As regular CFZ-watchers will know, for some time Corinna has been doing a column for Animals & Men and a regular segment on On The Track... particularly about out-of-place birds and rare vagrants. There seem to be more and more bird stories from all over the world hitting the news these days so, to make room for them all - and to give them all equal and worthy coverage - she has set up this new blog to cover all things feathery and Fortean.

Saturday, 7 March 2015

Panama bird paradise saved from destruction

Panama Audubon Society (BirdLife in Panama) is celebrating after winning a hard-fought effort to reverse the Panama government’s 2012 decision to withdraw protected status for the Bay of Panama Important Bird and Biodiversity Area (IBA), a site of international importance for migratory birds Birdlife International have reported.

Its protected status had been pulled because of short-term economic pressure for urban and resort development, including hotels and golf courses. At the same time, regulations on mangrove cutting had also been relaxed.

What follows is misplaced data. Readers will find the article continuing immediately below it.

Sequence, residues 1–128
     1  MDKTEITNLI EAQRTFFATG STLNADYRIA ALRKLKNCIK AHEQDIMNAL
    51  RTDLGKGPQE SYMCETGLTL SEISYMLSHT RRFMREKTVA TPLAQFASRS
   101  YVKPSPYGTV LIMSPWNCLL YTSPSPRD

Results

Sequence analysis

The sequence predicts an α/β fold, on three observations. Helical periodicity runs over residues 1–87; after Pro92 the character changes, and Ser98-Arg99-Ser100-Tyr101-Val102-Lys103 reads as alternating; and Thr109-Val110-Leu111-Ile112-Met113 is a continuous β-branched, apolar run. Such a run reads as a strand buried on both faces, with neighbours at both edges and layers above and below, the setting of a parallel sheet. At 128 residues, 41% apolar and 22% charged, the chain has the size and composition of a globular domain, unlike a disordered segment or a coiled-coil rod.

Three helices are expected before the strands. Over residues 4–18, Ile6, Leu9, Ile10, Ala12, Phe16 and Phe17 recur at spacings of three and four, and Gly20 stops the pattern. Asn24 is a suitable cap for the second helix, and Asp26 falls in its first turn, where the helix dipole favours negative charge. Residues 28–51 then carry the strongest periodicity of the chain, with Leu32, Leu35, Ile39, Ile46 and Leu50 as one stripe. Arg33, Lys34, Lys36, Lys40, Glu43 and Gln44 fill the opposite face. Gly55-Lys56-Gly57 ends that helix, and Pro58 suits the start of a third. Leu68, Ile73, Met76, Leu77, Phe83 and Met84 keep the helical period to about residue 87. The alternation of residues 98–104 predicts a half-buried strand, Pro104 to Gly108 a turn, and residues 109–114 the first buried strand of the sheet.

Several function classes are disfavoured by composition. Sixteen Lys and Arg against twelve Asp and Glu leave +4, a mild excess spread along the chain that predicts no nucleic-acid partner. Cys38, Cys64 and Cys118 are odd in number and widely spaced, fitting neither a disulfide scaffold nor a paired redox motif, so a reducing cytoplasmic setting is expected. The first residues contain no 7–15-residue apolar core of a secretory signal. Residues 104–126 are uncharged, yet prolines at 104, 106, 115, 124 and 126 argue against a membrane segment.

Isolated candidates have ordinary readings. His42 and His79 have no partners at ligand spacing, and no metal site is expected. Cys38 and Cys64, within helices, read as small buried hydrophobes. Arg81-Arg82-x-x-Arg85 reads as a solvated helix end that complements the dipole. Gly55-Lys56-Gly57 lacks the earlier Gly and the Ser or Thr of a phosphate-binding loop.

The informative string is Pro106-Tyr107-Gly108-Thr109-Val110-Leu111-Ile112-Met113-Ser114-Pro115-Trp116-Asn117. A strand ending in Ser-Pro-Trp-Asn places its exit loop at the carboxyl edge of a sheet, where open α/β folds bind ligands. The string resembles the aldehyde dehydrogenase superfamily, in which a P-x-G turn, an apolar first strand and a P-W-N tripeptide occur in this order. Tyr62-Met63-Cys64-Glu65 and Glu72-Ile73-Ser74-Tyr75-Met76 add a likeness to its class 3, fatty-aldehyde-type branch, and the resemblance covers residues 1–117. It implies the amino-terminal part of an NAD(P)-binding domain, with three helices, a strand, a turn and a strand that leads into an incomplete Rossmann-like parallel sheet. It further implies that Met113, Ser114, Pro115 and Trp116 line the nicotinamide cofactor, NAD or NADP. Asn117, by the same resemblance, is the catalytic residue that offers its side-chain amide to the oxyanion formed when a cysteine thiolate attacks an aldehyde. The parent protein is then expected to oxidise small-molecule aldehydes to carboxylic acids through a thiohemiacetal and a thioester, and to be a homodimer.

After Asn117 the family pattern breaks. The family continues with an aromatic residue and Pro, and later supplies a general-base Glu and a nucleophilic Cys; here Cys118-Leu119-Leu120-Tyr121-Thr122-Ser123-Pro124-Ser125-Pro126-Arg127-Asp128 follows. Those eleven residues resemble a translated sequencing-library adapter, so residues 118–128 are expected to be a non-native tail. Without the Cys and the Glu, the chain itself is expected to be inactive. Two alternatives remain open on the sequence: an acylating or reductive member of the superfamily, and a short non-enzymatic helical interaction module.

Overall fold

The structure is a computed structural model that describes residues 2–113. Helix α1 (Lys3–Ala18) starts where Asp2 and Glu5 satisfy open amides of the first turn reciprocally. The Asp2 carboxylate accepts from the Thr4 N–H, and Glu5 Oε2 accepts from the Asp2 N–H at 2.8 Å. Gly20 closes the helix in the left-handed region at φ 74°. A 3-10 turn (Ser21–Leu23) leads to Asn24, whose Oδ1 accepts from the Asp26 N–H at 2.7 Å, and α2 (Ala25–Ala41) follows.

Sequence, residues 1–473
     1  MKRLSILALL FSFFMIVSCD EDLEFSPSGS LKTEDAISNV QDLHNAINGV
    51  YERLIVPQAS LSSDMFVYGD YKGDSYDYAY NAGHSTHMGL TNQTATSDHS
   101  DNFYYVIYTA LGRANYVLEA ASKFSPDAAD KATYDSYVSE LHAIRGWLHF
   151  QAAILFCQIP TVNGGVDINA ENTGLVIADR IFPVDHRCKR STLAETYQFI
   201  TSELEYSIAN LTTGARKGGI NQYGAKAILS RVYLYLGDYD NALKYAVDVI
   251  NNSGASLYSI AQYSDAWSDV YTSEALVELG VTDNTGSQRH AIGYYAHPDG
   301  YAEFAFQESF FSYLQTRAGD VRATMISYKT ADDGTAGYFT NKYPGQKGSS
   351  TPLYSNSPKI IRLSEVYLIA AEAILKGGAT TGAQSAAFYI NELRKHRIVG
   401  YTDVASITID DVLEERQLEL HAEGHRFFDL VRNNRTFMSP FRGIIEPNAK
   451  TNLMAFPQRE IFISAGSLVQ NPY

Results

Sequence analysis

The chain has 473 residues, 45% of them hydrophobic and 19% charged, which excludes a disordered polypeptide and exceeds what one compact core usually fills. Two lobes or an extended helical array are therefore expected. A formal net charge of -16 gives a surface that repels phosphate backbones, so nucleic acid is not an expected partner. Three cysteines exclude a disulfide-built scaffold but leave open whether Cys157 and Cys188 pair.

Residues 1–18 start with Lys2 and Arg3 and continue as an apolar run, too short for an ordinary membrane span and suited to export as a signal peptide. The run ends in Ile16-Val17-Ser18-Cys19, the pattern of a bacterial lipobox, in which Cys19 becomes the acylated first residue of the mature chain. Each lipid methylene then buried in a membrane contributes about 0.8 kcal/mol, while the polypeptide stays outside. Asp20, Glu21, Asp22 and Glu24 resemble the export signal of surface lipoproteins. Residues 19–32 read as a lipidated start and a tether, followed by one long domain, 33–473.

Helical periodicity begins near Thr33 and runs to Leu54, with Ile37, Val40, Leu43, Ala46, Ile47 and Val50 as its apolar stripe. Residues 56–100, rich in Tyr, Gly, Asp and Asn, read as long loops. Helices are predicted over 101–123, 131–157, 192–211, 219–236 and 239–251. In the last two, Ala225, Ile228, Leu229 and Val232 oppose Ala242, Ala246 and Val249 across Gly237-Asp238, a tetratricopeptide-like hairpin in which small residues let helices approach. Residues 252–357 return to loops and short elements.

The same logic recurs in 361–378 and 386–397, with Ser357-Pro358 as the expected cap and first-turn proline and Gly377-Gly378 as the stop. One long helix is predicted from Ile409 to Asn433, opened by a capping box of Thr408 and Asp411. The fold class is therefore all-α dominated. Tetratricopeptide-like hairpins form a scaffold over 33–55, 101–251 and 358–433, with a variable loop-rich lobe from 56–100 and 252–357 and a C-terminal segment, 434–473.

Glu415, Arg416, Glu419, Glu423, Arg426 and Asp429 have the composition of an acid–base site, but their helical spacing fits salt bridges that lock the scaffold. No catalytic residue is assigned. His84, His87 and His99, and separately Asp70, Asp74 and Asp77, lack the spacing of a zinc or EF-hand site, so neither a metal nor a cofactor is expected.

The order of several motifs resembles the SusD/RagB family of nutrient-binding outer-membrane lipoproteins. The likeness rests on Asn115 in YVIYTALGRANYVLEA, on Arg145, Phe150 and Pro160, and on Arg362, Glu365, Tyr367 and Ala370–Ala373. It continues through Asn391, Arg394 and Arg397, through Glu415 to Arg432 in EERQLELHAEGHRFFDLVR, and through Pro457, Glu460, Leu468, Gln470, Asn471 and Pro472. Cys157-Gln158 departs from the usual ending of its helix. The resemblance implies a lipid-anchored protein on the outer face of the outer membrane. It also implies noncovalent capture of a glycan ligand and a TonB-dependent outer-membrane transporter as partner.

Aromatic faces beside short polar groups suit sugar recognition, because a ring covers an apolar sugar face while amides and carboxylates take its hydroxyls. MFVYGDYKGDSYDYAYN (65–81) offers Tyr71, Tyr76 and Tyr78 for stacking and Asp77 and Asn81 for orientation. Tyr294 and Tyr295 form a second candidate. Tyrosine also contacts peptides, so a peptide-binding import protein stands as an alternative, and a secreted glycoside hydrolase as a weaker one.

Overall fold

The legislative bill to reinstate full protection of the Bay of Panama was signed by Panamanian President Juan Carlos Varela on February 2th 2015, World Wetlands Day. The new bill also includes recognition by law that the protected area is part of the Western Hemisphere Shorebird Reserve Network.

“Many of the people that helped us in so many ways were at the signing ceremony”, said Panama Audubon Society’s Rosabel Miró in her correspondence. “Among those fighting shoulder to shoulder with us were NGO’s, community associations, business associations, politicians, allies from government institutions - they were celebrating, hugging us and smiling with us.”

Under the new Panama government, spearheaded by President Juan Carlos Varela, the outlook for the site appears positive. “The protected area, the Bay of Panama wetlands, not only belongs to our country, but belongs to the world, so we must show that we are able to maintain it, so we can enjoy its natural wealth and future generations continue to receive its many benefits”, commented government representative Emilio Sempris, part of Panama’s National Environmental Authority (ANAM).

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